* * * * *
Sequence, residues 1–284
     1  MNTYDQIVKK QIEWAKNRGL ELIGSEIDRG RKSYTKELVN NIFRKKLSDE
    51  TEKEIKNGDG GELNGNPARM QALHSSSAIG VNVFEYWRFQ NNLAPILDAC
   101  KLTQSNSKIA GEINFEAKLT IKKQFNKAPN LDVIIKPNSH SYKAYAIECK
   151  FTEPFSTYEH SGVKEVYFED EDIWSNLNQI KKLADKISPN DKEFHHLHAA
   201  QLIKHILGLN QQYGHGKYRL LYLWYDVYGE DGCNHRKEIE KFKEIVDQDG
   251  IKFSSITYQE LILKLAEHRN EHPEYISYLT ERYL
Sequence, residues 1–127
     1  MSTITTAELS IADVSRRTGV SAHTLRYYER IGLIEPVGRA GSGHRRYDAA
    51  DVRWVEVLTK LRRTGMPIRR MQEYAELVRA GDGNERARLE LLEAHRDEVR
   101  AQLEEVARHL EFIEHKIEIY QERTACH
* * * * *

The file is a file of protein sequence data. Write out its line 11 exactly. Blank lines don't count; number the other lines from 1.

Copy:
   101  AQLEEVARHL EFIEHKIEIY QERTACH